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Review of Don Gil of the Green Breeches at the Arcola Theatre

DON GIL OF THE GREEN BREECHES / Don Gil de las Calzas Verdes (1615) This fantastic laugh-out-loud comedy explores sexuality, transvestism, same-sex attraction, love and deceit with light-hearted farce combined with amazing complexity of plot. It was written four centuries ago, by the Roman Catholic priest Tirso de Molina, who actually became head of his monastery in Spain. Things did not go easy for Tirso in his day in the Church or theatre as he struggled to combine his vocation with his gift as a playwright which puts him up there with Shakespeare and the other greats at least in terms of comic genius and linguistic phrasing. This new translation by our own living poet and playwright, the TS Eliot prizewinner Sean O’Brien does this genius justice. O’Brien also brings out through the translation the modern parallels with the themes of the comedy. I cannot imagine any priest alive today writing, or being allowed to write, work of comparable stature with such challenging themes.

This and the other three shows in the Spanish Golden Age run at the Arcola share a stellar cast. We had Hedydd Dylan as Donna Juana, the beautiful Katie Lightfoot as Donna Ines, Doug Rao as Don Martin, William Hoyland as Don Pedro, Simon Scardifield as Don Juan and Annie Hemingway as Donna Clara. Mehmet Ergen’s fluent direction with a minimalist but effective set plays well to the intimate, in-the-round staging in this interesting space in north London.

The plot is not easy to explain simply. It has to be seen. The action begins when the intelligent, boyish Donna Juana’s fiancé Don Martin abandons her to seek marriage with a wealthy, beautiful but dim-witted heiress instead, Donna Ines. Don Martin takes the name Don Gil to pursue Ines and it adds to the comedy for us today that this Spanish name is pronounced ‘heel’. Donna Juana pursues her faithless lover but herself takes the name Don Gil also and dresses as a man, in green breeches, managing to win the heart instantly of Donna Ines and seemingly every other woman in the play, who remain infatuated even when her disguise is exposed. There is some woman-on-woman action here and at one point there are four Don Gils in green breeches on the stage. I was transfixed especially by RADA graduate Dylan’s wonderfully expressive face but also could not take my eyes off Jim Bywater as Caramanchel and Don Diego. Rao had an enviable intensity in his portrayal of deceit and then confusion as he was himself deceived.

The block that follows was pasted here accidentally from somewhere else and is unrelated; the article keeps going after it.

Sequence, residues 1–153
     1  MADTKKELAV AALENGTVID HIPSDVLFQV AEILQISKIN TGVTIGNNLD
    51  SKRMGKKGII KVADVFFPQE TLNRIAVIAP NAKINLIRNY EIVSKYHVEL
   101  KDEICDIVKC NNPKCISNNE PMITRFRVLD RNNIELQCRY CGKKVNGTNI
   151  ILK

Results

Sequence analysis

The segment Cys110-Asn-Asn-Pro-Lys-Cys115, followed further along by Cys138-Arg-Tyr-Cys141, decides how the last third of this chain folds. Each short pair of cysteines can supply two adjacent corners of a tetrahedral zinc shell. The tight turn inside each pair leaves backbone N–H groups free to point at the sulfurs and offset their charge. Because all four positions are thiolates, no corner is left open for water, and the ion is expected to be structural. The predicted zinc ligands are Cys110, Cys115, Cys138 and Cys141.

A good part of the comedy, and dramatic tension, comes from the manner in which the play teeters constantly on the edge of credibility but never quite topples over. The way the Juliet balcony is deployed, the ladder coming down from it and other comic devices play homage to Shakespeare and also, possibly, poke a little fun at him as well. How audiences 400 years ago must have loved and been shocked by this play.

If like me you are one of those people who tries regularly and fails to get tickets for the Donmar, and is frustrated at failing to see Corialanus to name but one of many, go and see these Spanish classics instead. In so many respects they are in the same league and also, perhaps most important of all, they are just a huge amount of fun.

Arcola Theatre, Theatre Royal Bath and Belgrade Theatre Coventry present DON GIL OF THE GREEN BREECHES / Don Gil de las Calzas Verdes (1615) by Tirso de Molina New translation by Sean O’Brien

Directed by Mehmet Ergen, Set and Costume Design, Mark Bailey, Lighting Design, Ben Ormerod, Composer/Sound Design, Jon Nicholls, Costume Supervisor, Lisa Aitken, Movement Director, Lucy Cullingford.

Cast: Nick Barber, Jim Bywater, Hedydd Dylan, Annie Hemingway, William Hoyland, Katie Lightfoot, Frances McNamee, Chris Andrew Mellon, Doug Rao, Simon Scardifield.

Ticket Information and times
Monday – Saturday Evenings at 7.30pm £18 (£14 con)

Performance Dates in Rep w/c 13th January (Mon – Sat)
w/c 3rd February (Mon – Sat) w/c 24th February (Mon – Sat) 15th March (Sat Eve)
Saturday matinees at 2.30pm £16 (£12 con)
Pay What You Can Tuesdays
Running time: 2hrs 25mins including interval

See the full schedule of performances here:

Trailblazing theatre for All

Saturday 18th January 2014


  • Ruth Gledhill

    Ruth Gledhill, on Twitter @ruthiegledhill, contributes regularly with reviews for London and regional shows, as well as reporting on press launches. Ruth Gledhill has worked on The Times from 1987 to 2014. Before that she was a news reporter and feature writer on The Daily Mail. She wrote her first theatre review, Tennessee Williams 'Cat on a Hot Tin Roof', while serving indentures at The Birmingham Post & Mail. After leaving the Midlands in 1984 she decided to concentrate on news. She is delighted to be able to revive her love of writing about the stage as a critic for London Theatre. Public profile http://journalisted.com/ruth-gledhill

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